PASSION, pride and loyalty have been the foundation stones that Queensland has built its State of Origin house on since 1980, and Maroons coach Kevin Walters showed that nothing has changed when he named his team for the first game of this year’s series.
Walters nearly broke down into tears when trying to explain the heart-wrenching decision to omit Billy Slater from his 18-man Maroons squad, which was possibly the most contentious of a number of selections that caught the attention of Queenslanders.
Settling on a fullback for Queensland was the ultimate in tough decisions.
On one hand, you have the player regarded as the best fullback to have ever played the game in Slater, who has bounced back from two shoulder reconstructions to recapture his scintillating best form.
On the other hand is Darius Boyd, who has shown just as much bravery in fighting back from his own battles to establish himself over the past two seasons as the first-choice fullback for Queensland and Australia.
Do you choose the player who has done the job so well in the past, and only los his spot because of injuries?
Or do you stand by the player who has not put a foot wrong as his successor, and allowed the team to carry on without skipping a beat in the absence of one of its biggest stars?
Whichever way they went, Walters and the Queensland selectors were never going to please everyone.
It was a unique situation where, whatever the decision, there would be an enormous upside, but a massive downside as well.
Ultimately, Boyd won the right to keep his Maroon No.1 jumper.
But watching Walters explain the decision at the team announcement, it was clear the Queensland coach had just endured the rugby league equivalent of Sophie’s Choice.
“It was a really tough decision we had to make around Billy,” Walters said.
“Darius was Queensland’s best player in last year’s series.
“It was also just a little bit unfair on Billy to put him under pressure for Game One of the series.
“It’s been hard. Even when he wasn’t playing, from a coaching point of view I thought he went above and beyond what he was meant to do, so it was pretty tough.
“I wish we could play two fullbacks, cause (if we could) they’d both be there.
“He was obviously disappointed and felt he had every right to believe he was a chance, but we’ve gone with Darius (Boyd) for Game One and Billy has accepted the decision like the true Queenslander he is.
“He’s more than a player, he’s been a friend of mine for a couple of years now. I worked with him at the Melbourne Storm and I know what he has given for Queensland.’’
FOGS Executive Chairman Gene Miles, who is also the Queensland chairman of selectors, said the decision to leave Slater on the sidelines was the toughest call he has made in nearly two decades as a selector.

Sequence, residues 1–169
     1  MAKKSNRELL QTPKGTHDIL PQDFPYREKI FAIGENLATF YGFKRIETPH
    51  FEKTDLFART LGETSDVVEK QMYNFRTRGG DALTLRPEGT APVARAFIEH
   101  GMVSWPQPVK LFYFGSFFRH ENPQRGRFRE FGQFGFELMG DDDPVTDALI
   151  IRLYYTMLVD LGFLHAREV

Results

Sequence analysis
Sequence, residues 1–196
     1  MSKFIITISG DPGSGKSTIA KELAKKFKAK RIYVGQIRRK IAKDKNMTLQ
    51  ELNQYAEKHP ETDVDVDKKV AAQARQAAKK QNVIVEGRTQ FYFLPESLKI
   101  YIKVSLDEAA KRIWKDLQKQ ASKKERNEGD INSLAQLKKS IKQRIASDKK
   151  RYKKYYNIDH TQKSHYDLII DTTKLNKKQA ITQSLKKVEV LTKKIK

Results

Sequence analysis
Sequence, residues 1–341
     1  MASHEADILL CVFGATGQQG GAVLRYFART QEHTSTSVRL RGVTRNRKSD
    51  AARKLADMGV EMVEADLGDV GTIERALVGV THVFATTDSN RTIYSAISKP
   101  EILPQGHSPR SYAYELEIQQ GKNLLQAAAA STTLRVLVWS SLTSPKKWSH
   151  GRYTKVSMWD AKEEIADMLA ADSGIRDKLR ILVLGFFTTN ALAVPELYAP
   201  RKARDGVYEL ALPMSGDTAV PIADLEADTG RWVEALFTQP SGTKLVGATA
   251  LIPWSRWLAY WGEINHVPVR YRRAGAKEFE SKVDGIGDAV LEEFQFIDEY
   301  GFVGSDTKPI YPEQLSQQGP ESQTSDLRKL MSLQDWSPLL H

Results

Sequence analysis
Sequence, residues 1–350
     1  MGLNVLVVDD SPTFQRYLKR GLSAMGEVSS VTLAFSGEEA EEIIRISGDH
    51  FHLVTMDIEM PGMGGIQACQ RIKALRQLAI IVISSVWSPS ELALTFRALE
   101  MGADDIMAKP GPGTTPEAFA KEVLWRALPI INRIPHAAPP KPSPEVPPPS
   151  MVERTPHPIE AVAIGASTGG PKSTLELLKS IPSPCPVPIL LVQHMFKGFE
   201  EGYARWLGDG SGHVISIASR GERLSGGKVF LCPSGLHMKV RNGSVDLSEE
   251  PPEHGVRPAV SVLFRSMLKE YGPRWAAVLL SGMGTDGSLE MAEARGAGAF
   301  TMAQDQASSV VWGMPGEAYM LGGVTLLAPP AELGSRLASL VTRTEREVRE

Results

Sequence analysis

Miles put a consoling and comforting arm around Walters as the coach struggled to keep his composure while discussing Slater’s omission, and lauded Walters’ character for personally calling each player that missed selection to inform them of the decision.
“It’s 17 years (as a Queensland selector) and that is without doubt the toughest decision we’ve had to make, probably the best fullback I’ve seen,” Miles said.
While the battle between Boyd and Slater was clearly the most emotional decision faced by the selectors, it was by no means the only tough call they were forced to make.
Incumbent Test winger Valentine Holmes, Jarrod Wallace – having the season of his career with the Titans – and North Queensland’s ultra-impressive Coen Hess all missed out on an Origin debut, while Cowboys backrower Gavin Cooper missed out despite being part of last year’s series.
Johnathan Thurston seems likely to break his streak of 36 consecutive games for Queensland by being ruled out with a shoulder injury, but was named as 18th man and joined the camp to give him every chance to prove he is right to play.
Rising Brisbane star Anthony Milford will now almost certainly make his Origin debut in the Queensland jersey worn by some of the greatest players in league history.
On the other side of the coin, Walters made it clear he would reward the players who had done the job for him in the past – sticking solid with experienced players Nate Myles, Jacob Lillyman, Aidan Guerra and Justin O’Neill despite critics of their NRL form questioning whether they were playing well enough to handle the heat of Origin.
QUEENSLAND, GAME 1:
1 Darius Boyd
2 Corey Oates
3 Will Chambers
4 Justin O’Neill
5 Dane Gagai
6 Anthony Milford
7 Cooper Cronk
8 Dylan Napa
9 Cameron Smith (c)
10 Nate Myles
11 Josh Papalii
12 Matt Gillett
13 Josh McGuire
14 Michael Morgan
15 Sam Thaiday
16 Aidan Guerra
17 Jacob Lillyman
18th man: Johnathan Thurston